From 2010 to 2019, Medtronic hosted over 130 events at Carnaval, paying over $87,000 to the restaurant, 74 of these events were held after the Sunshine Act was in effect. Medtronic sales personnel allegedly falsely stated that these events served educational purposes, when there was little to no discussion surrounding Medtronic products during the dinners. Further, Dr. Asfora allegedly personally selected the guests for these events, inviting his friends, partners, favored colleagues, and other social acquaintances as well as their significant others. Medtronic only reported the total amount of food and drinks that individuals consumed during these dinners, but did not report the total amount paid to Dr. Asfora through Carnaval. The government claims that this underreporting violated the Sunshine Act and that the events themselves amounted to kickbacks under the Anti-Kickback Statute.
Medtronic paid $1.1 million to settle the Sunshine Act claim, as well as an additional $8.1 million to resolve the related Anti-Kickback Statute and False Claims Act allegations.3
Medical Designs LLC and Sicage LLC (May 2021)
The second Dr. Asfora-related settlement involves government claims that between 2010 and 2019, Dr. Asfora solicited and received improper remunerations for using spinal devices made by Medical Designs LLC (“Medical Designs”) and Sicage LLC (“Sicage”). The companies allegedly violated the Sunshine Act by their failure to disclose Dr. Asfora’s ownership interests in Medical Designs and Sicage.
In exchange for using Medical Designs and Sicage spinal devices, Dr. Asfora allegedly received profit distributions from the companies. Medical Designs also allegedly acted as a distributor for Dr. Asfora, reselling other manufacturer’s spinal devices to Dr. Asfora and splitting the profits with him when he used those devices in surgery. The government further alleged that Dr. Asfora would sometimes use these devices to perform medically unnecessary procedures and then submit false claims to government entities.4 Note that this implicates the anti-kickback statute concerns associated with PODs that the U.S. Department of Health and Human Services’ Office of Inspector General addressed in their March 2013 Physician-Owned Entities Special Fraud Alert. The government’s case against Dr. Asfora incorporates not just these offenses but also the above discussed 2020 Medtronic Suit.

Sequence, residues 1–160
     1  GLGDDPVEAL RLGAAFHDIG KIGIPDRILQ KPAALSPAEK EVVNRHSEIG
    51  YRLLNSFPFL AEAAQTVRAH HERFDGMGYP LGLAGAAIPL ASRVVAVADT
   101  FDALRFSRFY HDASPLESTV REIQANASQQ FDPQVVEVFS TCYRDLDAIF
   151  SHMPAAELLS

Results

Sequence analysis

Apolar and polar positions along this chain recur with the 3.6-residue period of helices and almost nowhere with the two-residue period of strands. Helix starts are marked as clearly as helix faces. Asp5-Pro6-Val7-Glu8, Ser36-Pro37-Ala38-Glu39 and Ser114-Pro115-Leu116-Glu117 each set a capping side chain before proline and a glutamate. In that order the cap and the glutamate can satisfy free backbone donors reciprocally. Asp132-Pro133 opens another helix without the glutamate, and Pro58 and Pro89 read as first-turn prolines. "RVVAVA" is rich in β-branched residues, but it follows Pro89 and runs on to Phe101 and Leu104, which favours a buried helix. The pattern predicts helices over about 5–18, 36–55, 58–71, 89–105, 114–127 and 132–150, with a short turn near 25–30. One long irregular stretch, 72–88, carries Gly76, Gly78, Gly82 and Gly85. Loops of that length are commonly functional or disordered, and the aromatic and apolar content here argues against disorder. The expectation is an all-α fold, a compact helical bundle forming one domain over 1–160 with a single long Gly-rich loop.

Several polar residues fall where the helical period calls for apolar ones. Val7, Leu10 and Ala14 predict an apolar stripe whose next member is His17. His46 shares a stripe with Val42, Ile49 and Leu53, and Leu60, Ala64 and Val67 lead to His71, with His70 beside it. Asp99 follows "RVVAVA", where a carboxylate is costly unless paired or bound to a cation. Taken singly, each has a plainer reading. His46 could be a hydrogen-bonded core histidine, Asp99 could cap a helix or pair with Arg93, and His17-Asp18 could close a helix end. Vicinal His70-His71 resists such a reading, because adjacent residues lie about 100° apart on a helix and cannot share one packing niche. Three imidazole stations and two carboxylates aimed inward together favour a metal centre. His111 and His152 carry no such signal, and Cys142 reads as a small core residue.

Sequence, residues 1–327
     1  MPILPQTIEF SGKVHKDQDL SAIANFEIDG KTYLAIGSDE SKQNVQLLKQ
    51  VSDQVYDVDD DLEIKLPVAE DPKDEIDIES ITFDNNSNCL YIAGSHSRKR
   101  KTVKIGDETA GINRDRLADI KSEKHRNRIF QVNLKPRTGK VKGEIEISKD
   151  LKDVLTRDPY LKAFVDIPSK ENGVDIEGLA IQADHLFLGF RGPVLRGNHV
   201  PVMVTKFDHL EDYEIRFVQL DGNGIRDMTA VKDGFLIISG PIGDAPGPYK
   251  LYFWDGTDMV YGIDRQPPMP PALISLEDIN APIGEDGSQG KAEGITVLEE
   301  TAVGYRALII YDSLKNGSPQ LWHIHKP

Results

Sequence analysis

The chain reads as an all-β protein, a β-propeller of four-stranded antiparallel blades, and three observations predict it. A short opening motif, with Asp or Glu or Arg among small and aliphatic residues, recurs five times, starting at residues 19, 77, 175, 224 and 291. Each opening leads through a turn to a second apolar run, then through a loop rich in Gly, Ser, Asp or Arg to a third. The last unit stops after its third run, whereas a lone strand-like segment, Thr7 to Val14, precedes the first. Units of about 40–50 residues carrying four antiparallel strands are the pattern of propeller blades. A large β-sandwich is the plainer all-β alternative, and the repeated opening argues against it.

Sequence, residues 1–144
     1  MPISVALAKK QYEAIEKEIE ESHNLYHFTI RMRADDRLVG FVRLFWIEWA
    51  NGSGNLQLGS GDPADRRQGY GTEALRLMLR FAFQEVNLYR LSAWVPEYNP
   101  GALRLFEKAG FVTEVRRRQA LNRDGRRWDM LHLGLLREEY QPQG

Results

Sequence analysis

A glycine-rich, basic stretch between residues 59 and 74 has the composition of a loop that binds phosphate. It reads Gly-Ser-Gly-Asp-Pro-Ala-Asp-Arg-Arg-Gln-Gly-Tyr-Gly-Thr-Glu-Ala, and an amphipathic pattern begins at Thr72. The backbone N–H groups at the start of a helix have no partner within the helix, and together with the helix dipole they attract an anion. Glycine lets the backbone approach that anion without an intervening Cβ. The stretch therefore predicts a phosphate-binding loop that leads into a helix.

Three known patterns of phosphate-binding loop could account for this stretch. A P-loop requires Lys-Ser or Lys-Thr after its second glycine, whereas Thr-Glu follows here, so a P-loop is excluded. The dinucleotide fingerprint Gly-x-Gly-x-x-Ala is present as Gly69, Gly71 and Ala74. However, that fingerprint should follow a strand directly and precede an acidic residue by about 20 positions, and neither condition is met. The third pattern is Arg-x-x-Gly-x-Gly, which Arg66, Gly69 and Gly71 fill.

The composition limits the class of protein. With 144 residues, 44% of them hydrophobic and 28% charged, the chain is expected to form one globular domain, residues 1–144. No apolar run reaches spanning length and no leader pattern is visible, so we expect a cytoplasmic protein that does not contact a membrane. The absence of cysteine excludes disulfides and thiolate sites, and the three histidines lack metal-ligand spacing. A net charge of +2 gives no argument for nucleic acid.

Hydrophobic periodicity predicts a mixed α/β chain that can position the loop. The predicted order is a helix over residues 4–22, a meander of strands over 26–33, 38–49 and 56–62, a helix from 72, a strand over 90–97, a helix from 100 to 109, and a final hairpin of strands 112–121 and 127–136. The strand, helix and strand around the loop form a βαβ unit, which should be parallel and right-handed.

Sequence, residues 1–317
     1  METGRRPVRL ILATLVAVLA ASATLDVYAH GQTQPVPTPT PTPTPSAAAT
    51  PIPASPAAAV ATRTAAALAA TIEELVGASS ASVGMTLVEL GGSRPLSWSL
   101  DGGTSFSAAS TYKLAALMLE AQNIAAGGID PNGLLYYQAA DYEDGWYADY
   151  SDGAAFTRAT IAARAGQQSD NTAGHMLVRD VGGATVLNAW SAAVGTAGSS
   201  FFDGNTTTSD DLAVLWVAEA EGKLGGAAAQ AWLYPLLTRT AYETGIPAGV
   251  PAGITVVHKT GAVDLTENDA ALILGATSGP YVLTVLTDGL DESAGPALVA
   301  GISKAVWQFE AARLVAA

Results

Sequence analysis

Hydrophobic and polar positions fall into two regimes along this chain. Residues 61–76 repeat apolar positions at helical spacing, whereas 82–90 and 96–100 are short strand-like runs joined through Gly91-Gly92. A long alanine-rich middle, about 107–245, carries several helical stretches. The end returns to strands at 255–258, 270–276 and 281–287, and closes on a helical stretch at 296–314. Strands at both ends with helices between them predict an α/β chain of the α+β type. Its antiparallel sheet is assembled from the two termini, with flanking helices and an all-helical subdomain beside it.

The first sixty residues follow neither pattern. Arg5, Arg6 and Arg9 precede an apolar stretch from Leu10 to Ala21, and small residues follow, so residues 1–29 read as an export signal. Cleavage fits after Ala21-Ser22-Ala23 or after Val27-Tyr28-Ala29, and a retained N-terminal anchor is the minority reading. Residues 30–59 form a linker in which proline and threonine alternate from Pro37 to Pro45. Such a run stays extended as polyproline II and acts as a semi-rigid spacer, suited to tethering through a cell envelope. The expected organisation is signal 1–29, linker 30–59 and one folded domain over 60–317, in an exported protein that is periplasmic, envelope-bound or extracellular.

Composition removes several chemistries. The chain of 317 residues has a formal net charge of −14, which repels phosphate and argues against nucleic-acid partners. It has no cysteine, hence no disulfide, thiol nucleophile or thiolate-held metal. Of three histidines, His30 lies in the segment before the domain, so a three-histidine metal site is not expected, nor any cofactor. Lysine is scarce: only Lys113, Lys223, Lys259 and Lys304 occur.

To settle the matter, Dr. Asfora, along with Medical Designs and Sicage, agreed to pay $100,000 to resolve the Sunshine Act claims and an additional $4.4 million to resolve the False Claims Act and Anti-Kickback Statute allegations. Under the terms of the settlement agreement, Dr. Asfora, Medical Designs, and Sicage will each be excluded from participating in federal healthcare programs for a period of six years.
Medicrea USA Inc. (May 2021)
The third Sunshine Act settlement, brought by the Eastern District of Pennsylvania, involves claims regarding physician entertainment expenses paid by Medicrea USA Inc. (Medicrea), a French medical device manufacturer, which markets and sells their products in the United States.